View of vintage plans and magazine articles in the exhibition 'Dream Home Small Home'.
 including a number of plans available by mail order that the time, which would make modern miniaturists swoon...
Newspaper plans for a modernist house in the exhibition 'Dream Home Small Home'.
(Dream Home, Small Home
23 August 2014 - 23 November 2014
Museum of Sydney, Cnr Phillip and Bridge Streets, Sydney, NSW 2000
$10 entry)

Sunday, November 16, 2014

Sale-price Sunday

There's a newsagents I know of that sells off the bits that were attached to magazines that didn't sell. Whenever I'm in the vicinity I make sure to spend five minutes digging through the box to see if there's anything I could use in miniature. (It's like a $2 lucky-dip box but you get to see what you're getting before you spend your money.)
Box of nail art pices in the shape of miniature slices of fruit.
Today's find was a box of nail art from a Girlfriend magazine, which included slices of orange, lime and apple.

Saturday, November 15, 2014

Recollect: In the city

View of the exhibition Recollect 2: Models at the Powerhouse Museum.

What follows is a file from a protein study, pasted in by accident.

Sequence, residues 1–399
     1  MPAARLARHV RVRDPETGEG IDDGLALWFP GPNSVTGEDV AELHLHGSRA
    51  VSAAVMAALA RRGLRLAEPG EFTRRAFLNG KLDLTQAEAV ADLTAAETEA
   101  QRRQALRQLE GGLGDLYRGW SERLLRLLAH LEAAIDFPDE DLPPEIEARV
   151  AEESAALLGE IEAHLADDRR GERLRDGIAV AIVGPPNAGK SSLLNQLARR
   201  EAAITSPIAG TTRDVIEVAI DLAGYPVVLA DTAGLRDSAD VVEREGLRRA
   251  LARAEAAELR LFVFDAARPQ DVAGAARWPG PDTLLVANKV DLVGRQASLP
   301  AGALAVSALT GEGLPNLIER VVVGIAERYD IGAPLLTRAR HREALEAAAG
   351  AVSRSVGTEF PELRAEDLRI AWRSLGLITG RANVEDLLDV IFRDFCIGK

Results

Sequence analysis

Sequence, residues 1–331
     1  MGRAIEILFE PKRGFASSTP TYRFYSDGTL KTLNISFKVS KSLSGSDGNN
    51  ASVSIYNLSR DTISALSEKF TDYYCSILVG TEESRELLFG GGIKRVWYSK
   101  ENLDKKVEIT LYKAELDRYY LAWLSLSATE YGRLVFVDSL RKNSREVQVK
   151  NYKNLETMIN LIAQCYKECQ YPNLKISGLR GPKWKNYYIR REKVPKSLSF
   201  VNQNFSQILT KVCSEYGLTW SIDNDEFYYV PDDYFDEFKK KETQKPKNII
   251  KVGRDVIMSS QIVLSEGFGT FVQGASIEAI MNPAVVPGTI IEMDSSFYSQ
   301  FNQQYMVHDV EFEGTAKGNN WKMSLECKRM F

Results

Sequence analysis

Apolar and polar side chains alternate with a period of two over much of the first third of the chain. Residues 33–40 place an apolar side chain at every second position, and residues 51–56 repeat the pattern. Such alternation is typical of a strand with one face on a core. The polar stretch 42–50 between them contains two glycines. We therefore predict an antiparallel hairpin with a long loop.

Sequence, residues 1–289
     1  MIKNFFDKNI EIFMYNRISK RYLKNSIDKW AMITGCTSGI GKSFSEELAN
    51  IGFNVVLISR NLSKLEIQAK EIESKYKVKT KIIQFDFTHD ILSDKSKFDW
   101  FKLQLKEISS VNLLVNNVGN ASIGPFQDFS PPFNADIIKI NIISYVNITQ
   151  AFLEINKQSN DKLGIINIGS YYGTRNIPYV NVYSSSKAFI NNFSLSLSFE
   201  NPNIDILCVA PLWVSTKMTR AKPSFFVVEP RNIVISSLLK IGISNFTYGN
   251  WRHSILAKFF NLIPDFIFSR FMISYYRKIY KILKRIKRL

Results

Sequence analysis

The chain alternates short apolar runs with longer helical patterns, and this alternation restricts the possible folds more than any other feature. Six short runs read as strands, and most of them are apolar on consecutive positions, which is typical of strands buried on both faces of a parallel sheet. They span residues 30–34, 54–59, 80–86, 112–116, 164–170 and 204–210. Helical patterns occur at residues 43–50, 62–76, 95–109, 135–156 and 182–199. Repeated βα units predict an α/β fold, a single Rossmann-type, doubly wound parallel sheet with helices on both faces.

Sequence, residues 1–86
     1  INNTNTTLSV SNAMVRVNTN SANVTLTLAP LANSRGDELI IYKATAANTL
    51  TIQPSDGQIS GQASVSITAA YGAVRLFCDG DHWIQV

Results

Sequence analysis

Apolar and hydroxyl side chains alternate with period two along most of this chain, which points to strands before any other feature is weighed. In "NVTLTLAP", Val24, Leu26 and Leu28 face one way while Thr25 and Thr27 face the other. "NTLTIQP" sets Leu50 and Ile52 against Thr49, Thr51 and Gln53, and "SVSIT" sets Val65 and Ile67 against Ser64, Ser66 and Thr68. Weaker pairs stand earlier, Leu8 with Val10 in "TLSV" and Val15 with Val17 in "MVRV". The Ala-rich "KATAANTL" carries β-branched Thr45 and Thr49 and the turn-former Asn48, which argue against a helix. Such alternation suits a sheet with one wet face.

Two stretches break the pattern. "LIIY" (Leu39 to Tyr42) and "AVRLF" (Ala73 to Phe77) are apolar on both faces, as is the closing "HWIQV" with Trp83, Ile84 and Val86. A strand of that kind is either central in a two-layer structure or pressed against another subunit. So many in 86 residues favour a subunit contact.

Exhibition sign for the exhibition Recollect 2: Models at the Powerhouse Museum.
Here are the rest of the buildings that caught my eye at the Powerhouse Museum's Recollect: Models exhibition last weekend:

Metropolitan Water Sewerage and Drainage Board building: a lovely wooden model of the building, which is still standing (there's a great Flickr album of how it looks now)
Wooden model of the Metropolitan Water Sewerage and Drainage Board building.
Wooden model of the Metropolitan Water Sewerage and Drainage Board building.
Exhibition sign for the model of the Metropolitan Water Sewerage and Drainage Board building.
Own house, Trier Center by Walter Burley and Marion Mahony Griffin.
Model of 'Own house', designed by Walter Burley and Marion Mahony Griffin.Model of 'Own house', designed by Walter Burley and Marion Mahony Griffin.
Exhibition sign for the model of 'Own house', designed by Walter Burley and Marion Mahony Griffin.
This particularly interested me as I recently read a book on their work and lives which covered this estate, and the house was never built because they moved to Australia to work on their winning design for Canberra.

The House of Tomorrow, by Robyn Boyd.
Model of Robyn Boyd's House of Tomorrow.
Model of Robyn Boyd's House of Tomorrow.Exhibition card for the model of Robyn Boyd's House of Tomorrow.
(Which I've always thought would make an excellent dolls' house design)

And, finally, Le Corbusier's Villa Shodhan
Front view of a model of Le Corbusier's Villa Shodhan.
Rear view of a model of Le Corbusier's Villa Shodhan.
View of internal courtyard of a model of Le Corbusier's Villa Shodhan.